It’s everything you’d expect from a black holiday movie, but with white people in it…
…Women snapping peas, a gun-toting grandma and a guy wearing a necklace over a turtleneck.
As an avid viewer of holiday movies, I have seen a lot of them. By a lot, I mean A LOT and that includes movies that are spesifically filmed for black audiences. Filmed “for black audiences”, to me this sounds super weird but apparently in US of A, it is a thing. “Last Holiday”, “A Madea Christmas”, “This Christmas” etc. I have seen tons of them.
Last christmas, SNL aired a black christmas movie trailer parody called “White Christmas”. As a Turkish viewer from Turkey, even I foresaw it causing controversy. The mock-trailer featured the SNL cast (who, at the time, only had 2 african american cast members)was only playing on the black holiday movie tropes that were created by the writers of those movies. And when it was played by an almost-all-white cast, it stirred a lot of controversy.
The mock trailer commences with a scene where a caucasian employee is being fired by an african american employer, and the lady who is played by Cecily Strong begs for mercy and says it’s christmas, alas the employer does not give her a chance (trope #1: cruel white boss who does not give the afro-american employee extra time even on christmas).
We see that the kid, “Rasheed” who is white as snow, has an obviously black name. They visit the grandma, who is allegedly based on Tyler Perry’s aunt Madea. When I look at her I can clearly see the resemblance. She’s tough, sassy, has a big bottom… But one thing that I noticed was that her speech was incomprehensible, not a matter of southern accent but plain incomprehensible. Which was I think the only offensive part of the skit, if there was any (Trope #2: The extremely motherly, gun-loving, sassy grandma with a southern accent).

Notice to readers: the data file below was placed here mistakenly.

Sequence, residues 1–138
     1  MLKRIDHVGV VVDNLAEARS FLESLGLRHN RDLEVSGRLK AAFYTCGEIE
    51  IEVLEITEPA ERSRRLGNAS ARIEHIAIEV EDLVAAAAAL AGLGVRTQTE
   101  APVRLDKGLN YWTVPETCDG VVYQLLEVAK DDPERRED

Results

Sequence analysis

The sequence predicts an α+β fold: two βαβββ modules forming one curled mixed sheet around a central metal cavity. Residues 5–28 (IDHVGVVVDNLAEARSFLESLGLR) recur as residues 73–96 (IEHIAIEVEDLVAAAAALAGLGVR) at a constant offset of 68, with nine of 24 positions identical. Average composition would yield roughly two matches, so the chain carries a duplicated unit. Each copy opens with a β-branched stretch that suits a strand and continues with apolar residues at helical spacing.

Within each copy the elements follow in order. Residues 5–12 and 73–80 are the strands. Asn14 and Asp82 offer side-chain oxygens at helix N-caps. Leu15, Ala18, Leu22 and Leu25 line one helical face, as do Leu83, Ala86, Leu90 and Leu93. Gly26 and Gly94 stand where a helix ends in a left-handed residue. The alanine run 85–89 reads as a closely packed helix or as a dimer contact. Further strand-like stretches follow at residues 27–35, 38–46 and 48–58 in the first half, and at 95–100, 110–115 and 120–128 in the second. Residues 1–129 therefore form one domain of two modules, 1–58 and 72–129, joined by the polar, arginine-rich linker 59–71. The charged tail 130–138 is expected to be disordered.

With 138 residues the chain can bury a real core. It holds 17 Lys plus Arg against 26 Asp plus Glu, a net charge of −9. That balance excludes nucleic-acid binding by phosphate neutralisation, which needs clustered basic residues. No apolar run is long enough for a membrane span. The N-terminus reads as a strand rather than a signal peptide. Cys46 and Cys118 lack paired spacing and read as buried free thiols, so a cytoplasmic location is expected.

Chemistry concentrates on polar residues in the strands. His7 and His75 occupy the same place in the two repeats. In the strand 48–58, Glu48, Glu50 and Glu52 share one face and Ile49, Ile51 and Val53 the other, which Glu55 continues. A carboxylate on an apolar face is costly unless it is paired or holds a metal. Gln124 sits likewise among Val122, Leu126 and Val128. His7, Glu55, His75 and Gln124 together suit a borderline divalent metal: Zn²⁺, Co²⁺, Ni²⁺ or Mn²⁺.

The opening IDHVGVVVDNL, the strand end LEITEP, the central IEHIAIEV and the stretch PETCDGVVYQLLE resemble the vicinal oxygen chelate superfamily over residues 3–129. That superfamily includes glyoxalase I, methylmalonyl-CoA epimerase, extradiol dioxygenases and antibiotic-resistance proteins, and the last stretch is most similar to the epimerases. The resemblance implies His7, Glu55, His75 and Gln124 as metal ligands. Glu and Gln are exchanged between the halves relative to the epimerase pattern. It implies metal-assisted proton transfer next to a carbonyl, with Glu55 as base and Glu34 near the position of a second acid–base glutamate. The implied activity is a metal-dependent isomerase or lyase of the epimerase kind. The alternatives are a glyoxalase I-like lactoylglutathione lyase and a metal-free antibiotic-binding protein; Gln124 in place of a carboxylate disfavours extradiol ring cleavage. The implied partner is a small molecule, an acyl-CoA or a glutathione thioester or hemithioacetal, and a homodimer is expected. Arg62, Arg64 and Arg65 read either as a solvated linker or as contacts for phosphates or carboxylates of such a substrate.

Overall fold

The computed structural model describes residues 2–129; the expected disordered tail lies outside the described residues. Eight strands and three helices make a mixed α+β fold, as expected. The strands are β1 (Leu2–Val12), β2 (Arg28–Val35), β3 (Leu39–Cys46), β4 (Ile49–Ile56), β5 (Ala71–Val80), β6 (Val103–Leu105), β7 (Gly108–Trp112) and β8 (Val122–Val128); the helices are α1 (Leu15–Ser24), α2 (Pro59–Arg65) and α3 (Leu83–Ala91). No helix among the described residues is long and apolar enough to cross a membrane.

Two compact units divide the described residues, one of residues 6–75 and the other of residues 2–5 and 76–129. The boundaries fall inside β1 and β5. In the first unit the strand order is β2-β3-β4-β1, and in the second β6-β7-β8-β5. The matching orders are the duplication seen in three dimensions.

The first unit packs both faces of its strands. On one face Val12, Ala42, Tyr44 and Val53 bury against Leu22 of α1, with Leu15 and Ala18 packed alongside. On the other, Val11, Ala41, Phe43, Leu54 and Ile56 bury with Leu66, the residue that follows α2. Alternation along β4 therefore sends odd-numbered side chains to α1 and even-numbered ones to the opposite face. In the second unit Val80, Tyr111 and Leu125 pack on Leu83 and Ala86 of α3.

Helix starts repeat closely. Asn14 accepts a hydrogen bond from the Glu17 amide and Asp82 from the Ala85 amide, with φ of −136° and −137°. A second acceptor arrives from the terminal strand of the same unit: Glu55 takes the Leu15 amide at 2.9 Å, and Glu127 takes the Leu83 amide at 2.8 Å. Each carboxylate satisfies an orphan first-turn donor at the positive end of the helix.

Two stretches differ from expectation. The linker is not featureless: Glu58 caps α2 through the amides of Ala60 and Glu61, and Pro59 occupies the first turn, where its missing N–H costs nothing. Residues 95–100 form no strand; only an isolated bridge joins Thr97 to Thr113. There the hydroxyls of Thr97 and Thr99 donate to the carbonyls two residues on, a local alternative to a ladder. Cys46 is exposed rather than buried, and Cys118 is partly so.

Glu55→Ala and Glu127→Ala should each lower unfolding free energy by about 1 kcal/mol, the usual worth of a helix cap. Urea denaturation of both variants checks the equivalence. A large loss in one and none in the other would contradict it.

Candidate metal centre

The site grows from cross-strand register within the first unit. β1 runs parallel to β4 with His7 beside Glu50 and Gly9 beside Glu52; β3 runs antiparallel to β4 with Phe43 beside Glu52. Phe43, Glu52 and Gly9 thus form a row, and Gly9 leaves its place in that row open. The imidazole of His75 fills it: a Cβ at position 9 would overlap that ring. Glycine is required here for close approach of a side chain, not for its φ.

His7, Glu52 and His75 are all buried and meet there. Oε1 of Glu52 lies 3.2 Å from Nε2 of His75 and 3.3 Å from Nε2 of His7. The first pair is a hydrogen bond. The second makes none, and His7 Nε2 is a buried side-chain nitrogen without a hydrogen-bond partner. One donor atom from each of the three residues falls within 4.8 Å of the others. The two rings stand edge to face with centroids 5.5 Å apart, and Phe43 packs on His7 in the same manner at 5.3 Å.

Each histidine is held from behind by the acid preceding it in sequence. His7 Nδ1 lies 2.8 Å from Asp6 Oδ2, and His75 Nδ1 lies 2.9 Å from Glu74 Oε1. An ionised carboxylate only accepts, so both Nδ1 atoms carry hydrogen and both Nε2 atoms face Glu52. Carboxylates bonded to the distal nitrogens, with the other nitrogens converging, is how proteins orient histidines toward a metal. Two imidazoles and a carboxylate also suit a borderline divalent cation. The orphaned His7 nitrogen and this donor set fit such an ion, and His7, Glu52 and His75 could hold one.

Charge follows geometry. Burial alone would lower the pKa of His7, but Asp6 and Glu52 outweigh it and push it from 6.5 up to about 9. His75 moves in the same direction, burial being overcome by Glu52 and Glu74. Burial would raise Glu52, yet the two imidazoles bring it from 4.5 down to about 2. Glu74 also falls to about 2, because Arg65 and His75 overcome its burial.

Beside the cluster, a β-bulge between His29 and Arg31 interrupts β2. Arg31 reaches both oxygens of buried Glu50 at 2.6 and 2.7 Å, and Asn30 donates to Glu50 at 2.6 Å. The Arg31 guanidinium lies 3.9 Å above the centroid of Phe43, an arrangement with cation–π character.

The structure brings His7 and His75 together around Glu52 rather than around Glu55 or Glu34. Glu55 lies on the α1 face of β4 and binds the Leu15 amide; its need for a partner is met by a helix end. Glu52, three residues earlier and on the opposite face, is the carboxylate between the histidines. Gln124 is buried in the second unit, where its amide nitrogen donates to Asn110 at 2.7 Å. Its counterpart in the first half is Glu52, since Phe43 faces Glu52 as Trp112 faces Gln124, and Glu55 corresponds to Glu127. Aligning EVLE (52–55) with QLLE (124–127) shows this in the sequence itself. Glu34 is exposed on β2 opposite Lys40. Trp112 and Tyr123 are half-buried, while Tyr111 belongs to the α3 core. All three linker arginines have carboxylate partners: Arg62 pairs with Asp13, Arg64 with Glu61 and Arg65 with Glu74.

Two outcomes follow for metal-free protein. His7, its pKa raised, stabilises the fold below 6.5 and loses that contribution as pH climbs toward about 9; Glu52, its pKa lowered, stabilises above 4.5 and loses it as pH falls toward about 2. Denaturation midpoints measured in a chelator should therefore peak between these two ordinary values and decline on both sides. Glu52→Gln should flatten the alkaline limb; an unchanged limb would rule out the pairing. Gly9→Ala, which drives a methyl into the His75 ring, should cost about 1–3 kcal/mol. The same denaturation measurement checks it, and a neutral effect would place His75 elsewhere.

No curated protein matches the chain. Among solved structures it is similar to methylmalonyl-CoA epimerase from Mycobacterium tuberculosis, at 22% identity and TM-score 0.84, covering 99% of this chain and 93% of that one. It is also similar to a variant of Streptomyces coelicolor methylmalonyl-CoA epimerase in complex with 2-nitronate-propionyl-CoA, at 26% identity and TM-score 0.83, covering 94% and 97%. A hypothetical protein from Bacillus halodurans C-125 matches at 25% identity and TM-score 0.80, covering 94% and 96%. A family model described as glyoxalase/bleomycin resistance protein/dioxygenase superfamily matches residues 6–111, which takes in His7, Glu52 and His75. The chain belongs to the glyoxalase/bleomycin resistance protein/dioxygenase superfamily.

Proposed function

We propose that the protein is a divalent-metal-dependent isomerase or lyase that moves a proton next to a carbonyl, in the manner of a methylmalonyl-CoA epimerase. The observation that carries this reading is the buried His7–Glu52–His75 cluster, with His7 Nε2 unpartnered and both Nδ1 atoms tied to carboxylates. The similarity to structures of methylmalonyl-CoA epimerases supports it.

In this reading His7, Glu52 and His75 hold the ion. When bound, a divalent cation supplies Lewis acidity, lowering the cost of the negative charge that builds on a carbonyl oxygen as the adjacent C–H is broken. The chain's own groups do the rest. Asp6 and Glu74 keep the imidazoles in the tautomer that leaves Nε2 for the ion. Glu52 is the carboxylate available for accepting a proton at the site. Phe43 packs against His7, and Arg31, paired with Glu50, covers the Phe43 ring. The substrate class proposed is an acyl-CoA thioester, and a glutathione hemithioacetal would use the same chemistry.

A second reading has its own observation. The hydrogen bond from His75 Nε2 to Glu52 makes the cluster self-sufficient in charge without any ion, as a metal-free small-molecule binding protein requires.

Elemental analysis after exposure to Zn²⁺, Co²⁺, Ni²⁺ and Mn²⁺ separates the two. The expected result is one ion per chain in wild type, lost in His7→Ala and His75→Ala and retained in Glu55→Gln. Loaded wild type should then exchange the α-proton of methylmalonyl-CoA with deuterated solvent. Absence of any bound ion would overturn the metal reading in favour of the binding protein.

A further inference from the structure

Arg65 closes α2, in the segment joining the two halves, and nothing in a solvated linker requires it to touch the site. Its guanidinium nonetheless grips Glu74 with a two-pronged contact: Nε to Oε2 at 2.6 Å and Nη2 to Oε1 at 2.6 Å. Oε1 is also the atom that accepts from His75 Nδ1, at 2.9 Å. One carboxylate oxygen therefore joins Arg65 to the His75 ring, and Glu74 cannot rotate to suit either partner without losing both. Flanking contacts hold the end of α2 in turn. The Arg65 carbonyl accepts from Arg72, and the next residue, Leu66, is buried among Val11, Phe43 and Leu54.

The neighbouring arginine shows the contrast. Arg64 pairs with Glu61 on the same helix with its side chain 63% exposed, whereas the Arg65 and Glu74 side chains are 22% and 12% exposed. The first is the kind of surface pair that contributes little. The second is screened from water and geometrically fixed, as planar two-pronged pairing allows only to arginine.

The movie later on shows us a bar scene where Aidy Bryant makes a comment by saying “…and they’ll leave you for a white girl.(#3)” and the waiter, who is played by Keenan Thompson one of the only 2 black members of SNL at the time, looks at the camera and makes a face. SNL clearly was mocking their own mock-trailer!
We move onto a gospel scene (a scene I think I have seen in every movie oriented for black audience). We see white people gospel, unsurprisingly, they all suck at it! In a regular black holiday movie, there’d be a joyous gospel scene with amazing performances and SNL writers were clearly trying to go for laughter while mocking this trope (#4).
At the end, Jay Pharoah the other african american member of the SNL crew, the guy who played the boss in the beginning of the mock-trailer looks at the camera and say “Are we gonna get in trouble for this?” . By looking at this, we see that SNL writers were in fact waiting for a backlash, but still went with the idea. I think that this mock trailer was a good example of challenging the tropes.